The only pre-modern Indian temple architecture to be found outside of South Asia has been re-evaluated in function and reimagined in form. Research over the past decade has revealed that it stood outdoors as the front section of a large temple complex—its pillared structure open on all sides to serve as a space for celebration. Visitors can also encounter an illustrated timeline showing the hall’s journey to Philadelphia in the early 1900s, and see recent video footage of worship and life in the temple complex in Madurai of which this hall was originally a part.
Pillared Temple Hall. Made in Madurai, Tamil Nadu, India, Asia. Circa 1550. Granitic stone. Gift of Susan Pepper Gibson, Mary Gibson Henry and Henry C. Gibson in memory of Adeline Pepper Gibson, 1919-714. Photography by Joseph Hu, 2016. © 2016 Philadelphia Museum of Art
The Architecture, the Manuscript, the Artist
A 300-year-old coffered ceiling and vaulted archway from a residence near the city of Isfahan, in present-day Iran, provides the immersive setting for the display of a 1743 manuscript titled Gulshan-i-Ishq (Rose Garden of Love) in The Hersha H. and Hasu P. Shah Gallery. These historical objects are given a new context through a soundscape by Chinese composer Du Yun (born 1977) and an imaginative animation by artist Shahzia Sikander (born 1969), who found inspiration in the mystical love-adventure story visualized in the manuscript’s illustrations.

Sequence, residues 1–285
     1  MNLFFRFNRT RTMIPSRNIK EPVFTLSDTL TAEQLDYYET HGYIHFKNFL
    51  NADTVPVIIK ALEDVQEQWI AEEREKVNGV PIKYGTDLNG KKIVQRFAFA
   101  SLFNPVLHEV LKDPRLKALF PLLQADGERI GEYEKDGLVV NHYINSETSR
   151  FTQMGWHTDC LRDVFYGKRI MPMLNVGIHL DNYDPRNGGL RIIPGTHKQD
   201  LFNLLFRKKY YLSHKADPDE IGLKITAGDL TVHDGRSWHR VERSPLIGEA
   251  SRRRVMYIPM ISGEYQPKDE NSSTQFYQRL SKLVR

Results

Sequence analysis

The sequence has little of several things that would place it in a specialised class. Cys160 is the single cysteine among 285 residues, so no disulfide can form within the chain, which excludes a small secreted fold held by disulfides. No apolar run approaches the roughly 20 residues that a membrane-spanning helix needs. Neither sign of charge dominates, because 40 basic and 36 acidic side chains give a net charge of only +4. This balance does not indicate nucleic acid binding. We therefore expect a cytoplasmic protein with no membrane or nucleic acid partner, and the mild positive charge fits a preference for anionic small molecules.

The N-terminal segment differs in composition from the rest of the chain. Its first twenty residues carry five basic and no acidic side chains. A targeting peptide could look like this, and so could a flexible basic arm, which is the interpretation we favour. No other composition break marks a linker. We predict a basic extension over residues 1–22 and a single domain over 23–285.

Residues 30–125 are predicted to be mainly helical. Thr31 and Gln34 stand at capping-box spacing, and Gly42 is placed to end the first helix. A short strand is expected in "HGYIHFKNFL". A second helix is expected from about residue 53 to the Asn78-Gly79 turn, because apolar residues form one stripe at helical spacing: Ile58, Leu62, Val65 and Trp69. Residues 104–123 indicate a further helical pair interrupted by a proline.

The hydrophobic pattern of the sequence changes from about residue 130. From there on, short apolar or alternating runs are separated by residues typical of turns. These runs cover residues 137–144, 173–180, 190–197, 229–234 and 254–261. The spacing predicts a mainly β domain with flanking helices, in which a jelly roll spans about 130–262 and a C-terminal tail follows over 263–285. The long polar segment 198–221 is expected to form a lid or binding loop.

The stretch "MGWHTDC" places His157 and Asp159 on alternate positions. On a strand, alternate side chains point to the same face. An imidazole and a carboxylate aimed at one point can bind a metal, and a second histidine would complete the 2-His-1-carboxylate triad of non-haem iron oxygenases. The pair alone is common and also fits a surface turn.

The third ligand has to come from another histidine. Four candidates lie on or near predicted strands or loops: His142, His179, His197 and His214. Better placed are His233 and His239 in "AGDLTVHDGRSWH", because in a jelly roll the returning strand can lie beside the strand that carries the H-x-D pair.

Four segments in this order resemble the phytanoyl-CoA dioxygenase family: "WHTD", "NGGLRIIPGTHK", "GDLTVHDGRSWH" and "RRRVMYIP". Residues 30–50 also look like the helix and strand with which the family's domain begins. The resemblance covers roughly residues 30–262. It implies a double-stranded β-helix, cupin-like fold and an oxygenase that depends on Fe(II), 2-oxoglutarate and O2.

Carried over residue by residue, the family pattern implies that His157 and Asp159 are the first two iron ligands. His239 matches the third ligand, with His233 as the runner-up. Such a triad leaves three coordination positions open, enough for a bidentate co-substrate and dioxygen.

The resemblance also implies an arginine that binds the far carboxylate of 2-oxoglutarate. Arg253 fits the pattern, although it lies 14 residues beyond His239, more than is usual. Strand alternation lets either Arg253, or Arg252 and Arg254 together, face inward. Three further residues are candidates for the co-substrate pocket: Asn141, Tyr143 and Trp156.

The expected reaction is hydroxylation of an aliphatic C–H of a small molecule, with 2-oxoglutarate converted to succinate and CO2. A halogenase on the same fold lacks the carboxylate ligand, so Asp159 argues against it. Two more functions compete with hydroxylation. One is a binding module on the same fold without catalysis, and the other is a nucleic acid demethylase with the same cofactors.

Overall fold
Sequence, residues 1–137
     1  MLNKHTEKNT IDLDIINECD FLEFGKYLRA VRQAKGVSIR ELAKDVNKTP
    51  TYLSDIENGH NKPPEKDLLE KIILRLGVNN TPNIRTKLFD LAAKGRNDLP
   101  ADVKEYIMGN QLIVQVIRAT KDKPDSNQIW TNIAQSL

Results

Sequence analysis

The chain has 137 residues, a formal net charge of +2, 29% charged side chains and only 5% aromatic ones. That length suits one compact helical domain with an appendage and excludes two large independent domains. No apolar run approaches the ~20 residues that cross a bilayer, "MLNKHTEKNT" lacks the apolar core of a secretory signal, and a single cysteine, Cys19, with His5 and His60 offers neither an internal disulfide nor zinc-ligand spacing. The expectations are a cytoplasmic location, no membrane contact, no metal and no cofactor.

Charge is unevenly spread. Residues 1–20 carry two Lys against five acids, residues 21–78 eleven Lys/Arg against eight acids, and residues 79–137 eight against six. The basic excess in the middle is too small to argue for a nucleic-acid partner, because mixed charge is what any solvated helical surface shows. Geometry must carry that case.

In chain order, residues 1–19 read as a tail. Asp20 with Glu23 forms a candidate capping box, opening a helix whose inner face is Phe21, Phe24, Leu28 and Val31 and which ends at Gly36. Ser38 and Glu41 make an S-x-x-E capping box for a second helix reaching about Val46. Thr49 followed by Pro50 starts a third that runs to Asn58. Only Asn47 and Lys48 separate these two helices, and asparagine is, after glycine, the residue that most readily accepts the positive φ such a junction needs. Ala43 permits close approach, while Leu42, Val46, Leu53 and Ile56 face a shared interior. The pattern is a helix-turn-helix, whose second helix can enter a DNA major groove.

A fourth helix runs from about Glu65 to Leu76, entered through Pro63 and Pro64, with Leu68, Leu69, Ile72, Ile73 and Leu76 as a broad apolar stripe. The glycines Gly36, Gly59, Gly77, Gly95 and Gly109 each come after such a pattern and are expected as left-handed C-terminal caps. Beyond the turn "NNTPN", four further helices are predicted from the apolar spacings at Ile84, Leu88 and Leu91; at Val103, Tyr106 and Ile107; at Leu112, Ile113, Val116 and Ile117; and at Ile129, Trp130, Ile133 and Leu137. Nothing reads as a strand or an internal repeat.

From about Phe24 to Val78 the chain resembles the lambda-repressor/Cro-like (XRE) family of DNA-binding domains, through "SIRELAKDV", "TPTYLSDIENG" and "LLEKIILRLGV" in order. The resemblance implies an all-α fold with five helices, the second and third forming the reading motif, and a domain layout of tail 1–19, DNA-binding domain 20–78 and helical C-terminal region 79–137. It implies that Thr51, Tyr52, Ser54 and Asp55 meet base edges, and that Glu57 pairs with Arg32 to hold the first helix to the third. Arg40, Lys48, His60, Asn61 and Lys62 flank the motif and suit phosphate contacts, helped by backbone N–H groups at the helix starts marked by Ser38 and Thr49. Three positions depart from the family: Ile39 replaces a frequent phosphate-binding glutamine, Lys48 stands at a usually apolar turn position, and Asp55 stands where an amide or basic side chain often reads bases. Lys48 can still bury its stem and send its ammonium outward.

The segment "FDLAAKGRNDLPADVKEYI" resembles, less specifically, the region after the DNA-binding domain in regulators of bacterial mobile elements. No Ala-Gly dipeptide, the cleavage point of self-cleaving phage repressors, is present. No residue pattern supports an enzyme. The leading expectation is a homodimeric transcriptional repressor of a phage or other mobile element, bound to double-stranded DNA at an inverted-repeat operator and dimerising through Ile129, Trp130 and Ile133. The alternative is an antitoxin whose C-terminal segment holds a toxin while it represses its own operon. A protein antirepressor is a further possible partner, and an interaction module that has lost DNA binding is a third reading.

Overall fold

Gulshan-i 'Ishq (Rose Garden of Love) (detail), 1743. Made in Deccan Region, India, Asia. Possibly made in Hyderabad, Telangana, India, Asia. Opaque watercolor, gold, and ink on paper. The Philip S. Collins Collection, gift of Mrs. Philip S. Collins in memory of her husband, 1945, 1945-65-22(1a--255b) © 2016 Philadelphia Museum of Art
Spiritual Paths in Himalayan Art
The Osagie and Losenge Imasogie Gallery showcases the diverse arts of the regions of Nepal, Tibet, and Mongolia is an elaborate altar that was originally built into the wall of a Tibetan home; a 14-foot-long Nepalese scroll featuring details of a pilgrimage through the Kathmandu valley; a monumental gilded sculpture from Mongolia of a Buddhist goddess; and a grinning, masklike face of the god Bhairava that spurts sanctified beer during festivals to bless the people of Kathmandu.